Category Archives: history/memory

words of wisdom: Samuel Johnson

“A man will turn over half a library to make one book.”  Samuel Johnson, 1775.

johnsonHow sweet, Mr. Johnson, especially considering the size of the average library that you knew.  Now please consider multiple 20th/21st-century academic libraries, I-don’t-remember-how-many speciality archives and historical societies, and then the whole mass of GoogleBooks as that which has been “turned over.”  We need another metaphor.  More of a Bagger 288 than a garden spade, methinks.

I am at my footnotes and bibliography today, and it is making me swoon.  I don’t remember where I read all of these things, but several of them prompt really precise (or precise-ish) memories: reading building committee reports on an archivist’s desk in Philadelphia, riffling through a missionary’s diaries in the corner of a small university museum in Louisville. Or was it Richmond?  And just in terms of volume: how much more have I read about my architect’s time than did he read when he was in it?  Bagger 288 indeed.

portrait by Sir Joshua Reynolds, ca, 1775

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Presidents’ Day

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Feb. 16 is Presidents’ Day, when schoolchildren and federal employees get a day off.  Since I am dependent on the latter for my research, that means it’s a day off for me, too.  I will probably spend it doing some administrivia and maybe, if I’m lucky, a little writing.  I fancy a walk out to see my favorite presidential memorial, but at the same time I don’t fancy having my face frozen off and it is wicked cold out there.

Last week I hosted my own holiday on Lincoln’s birthday, which is well-nigh a sacred day if you grow up in Illinois.  It seemed important to take special note of this year, since I am here in Washington and spending my days studying people who knew Lincoln and worked for him.  So he already felt as close as a deceased president might; add to that my visiting of some significant relics.  During lunch I popped up to the third floor to see the hat he wore on the night of his assassination; after the end of the workday I went to the museum that has two life masks and a very rare and special potrait, and rounded out the night by attending The Widow Lincoln at Ford’s Theatre. I’d never been there before, and it was an interesting play in part because, as the plot unfolds in the forty days following his death, he is absent from the stage, which makes the empty box more poignant, I think, than if I had just visited during normal touring hours.

Just forty-two days before his death, Lincoln had delivered his Second Inaugural Address, which I have recently encouraged my padawans at home to dig into in an effort to spend a little of Presidents’ day making themselves better citizens.  If you’d like to play along, read it here, or just review those fine closing words:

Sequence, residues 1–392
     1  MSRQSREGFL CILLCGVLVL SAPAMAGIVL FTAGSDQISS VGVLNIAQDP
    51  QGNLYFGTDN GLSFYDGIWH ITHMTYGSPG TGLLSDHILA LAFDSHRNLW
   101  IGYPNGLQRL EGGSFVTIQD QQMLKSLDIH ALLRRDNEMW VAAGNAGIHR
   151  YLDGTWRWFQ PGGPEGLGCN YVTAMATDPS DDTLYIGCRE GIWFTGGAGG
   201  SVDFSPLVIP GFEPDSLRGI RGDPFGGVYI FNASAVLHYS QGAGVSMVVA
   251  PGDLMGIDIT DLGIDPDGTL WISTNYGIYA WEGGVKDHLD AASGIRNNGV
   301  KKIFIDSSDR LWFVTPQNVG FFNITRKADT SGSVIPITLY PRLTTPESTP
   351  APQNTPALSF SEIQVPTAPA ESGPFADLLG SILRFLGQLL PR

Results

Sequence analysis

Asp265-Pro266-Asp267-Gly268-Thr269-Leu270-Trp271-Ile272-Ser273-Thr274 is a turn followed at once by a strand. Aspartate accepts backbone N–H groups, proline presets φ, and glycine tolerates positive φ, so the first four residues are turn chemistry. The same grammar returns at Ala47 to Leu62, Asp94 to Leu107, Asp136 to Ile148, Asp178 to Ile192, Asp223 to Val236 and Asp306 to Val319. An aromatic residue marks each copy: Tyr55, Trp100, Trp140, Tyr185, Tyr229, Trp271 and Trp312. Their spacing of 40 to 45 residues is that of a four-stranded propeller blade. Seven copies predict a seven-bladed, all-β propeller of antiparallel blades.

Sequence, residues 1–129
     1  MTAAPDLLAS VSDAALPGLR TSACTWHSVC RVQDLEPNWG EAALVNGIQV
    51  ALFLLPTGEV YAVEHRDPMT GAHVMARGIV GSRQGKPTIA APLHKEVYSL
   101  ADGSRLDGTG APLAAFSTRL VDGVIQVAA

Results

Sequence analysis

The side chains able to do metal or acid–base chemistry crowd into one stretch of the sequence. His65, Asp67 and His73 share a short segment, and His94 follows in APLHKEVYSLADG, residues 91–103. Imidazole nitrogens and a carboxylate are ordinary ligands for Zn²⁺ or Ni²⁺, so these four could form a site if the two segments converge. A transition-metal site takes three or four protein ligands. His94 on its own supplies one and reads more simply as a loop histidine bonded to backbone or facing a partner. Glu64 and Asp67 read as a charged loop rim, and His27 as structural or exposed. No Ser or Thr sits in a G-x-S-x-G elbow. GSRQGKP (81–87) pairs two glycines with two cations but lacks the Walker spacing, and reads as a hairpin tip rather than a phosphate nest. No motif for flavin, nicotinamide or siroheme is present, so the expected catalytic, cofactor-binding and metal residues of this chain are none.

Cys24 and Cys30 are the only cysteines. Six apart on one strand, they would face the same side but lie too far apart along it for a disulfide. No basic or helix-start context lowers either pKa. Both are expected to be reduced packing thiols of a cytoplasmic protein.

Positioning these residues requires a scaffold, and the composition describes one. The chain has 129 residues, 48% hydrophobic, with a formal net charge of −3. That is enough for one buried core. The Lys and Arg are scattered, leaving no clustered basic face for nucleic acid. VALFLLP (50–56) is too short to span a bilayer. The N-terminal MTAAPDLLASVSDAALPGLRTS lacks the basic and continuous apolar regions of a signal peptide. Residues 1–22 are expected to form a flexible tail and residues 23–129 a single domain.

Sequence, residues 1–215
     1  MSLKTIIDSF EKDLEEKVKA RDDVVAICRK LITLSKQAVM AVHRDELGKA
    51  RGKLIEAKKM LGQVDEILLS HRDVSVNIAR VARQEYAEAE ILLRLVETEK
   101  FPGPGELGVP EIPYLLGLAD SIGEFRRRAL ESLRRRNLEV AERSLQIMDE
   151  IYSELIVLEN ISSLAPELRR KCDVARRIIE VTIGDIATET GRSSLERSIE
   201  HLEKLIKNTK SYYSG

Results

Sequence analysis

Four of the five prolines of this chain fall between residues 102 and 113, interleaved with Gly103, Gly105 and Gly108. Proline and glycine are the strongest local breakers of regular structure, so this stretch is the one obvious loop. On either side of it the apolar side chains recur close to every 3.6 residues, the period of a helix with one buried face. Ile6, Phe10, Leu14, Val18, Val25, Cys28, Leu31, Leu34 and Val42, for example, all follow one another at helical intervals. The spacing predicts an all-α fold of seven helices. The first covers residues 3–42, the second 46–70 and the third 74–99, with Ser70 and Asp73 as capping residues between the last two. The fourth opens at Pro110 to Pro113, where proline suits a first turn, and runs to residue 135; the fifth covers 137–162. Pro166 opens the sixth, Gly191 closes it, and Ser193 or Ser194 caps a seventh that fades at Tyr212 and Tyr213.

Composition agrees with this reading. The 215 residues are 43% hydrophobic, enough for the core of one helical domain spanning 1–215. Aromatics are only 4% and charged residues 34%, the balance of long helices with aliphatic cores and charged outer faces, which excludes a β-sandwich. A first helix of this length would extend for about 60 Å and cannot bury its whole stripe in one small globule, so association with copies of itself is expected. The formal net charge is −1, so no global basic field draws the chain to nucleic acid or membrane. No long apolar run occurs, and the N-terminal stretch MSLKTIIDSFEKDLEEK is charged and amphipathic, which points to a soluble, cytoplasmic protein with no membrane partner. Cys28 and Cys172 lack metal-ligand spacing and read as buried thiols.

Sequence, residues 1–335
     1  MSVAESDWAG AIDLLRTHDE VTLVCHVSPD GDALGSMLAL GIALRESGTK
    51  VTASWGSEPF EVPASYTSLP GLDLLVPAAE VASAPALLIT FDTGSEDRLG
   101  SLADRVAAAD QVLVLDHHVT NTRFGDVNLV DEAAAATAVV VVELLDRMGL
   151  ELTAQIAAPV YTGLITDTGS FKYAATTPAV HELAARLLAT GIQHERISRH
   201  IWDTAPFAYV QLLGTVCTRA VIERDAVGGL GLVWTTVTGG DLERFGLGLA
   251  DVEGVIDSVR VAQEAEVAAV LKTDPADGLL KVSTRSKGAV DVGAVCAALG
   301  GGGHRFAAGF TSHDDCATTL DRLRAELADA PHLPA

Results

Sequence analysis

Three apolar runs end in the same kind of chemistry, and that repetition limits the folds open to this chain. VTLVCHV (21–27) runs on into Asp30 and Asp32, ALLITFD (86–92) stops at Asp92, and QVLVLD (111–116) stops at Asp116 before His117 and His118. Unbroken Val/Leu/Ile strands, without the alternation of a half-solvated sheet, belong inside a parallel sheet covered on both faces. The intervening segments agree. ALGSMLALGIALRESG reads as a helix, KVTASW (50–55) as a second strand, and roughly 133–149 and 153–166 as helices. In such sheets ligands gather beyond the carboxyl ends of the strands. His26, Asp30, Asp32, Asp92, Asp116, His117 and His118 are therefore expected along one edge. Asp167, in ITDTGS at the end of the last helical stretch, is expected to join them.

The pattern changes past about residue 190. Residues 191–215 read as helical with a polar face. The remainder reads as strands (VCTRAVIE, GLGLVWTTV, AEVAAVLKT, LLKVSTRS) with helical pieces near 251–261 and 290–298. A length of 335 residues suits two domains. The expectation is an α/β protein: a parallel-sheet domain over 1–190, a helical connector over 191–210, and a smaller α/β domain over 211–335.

With malice toward none, with charity for all, with firmness in the right as God gives us to see the right, let us strive on to finish the work we are in, to bind up the nation’s wounds, to care for him who shall have borne the battle and for his widow and his orphan, to do all which may achieve and cherish a just and lasting peace among ourselves and with all nations.

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Spirits from the Past

BBFAlthough I find it hard to write about buildings without writing about the people who made them, buildings tend to be at the focus of my research and teaching.  As my new research project foregrounds the people, I have spent a lot of time in journals and other personal papers.  I anticipated learning more of the color of nineteenth-century life, but have run across a few unexpected delights of a different sort.  Twice I read messages apparently recorded from the spirit world through séances (one from the deceased German mother of a draughtsman on the Capitol project, the other from Andrew Jackson), which is not a typical kind of thing for an architectural historian to deal with.  Those are interesting for what they might reveal about the recipients of the messages, but more compelling (messages from dead presidents notwithstanding), I think, is the excerpt you see above, written in the diary of Benjamin Brown French (1800-70).  He’s writing to his son Frank, thinking that the little boy might someday want to read his dad’s diary; why else write, since “no one else, I am certain, will ever waste the time necessary for such an operation…”  If that spirit world is active in the way that French and many of his contemporaries thought it was, I hope he sees that he was wrong.  I am not the only one who has enjoyed wasting my time with his “journalizing” and am, indeed, so glad that he wasted his time writing it all down for me.

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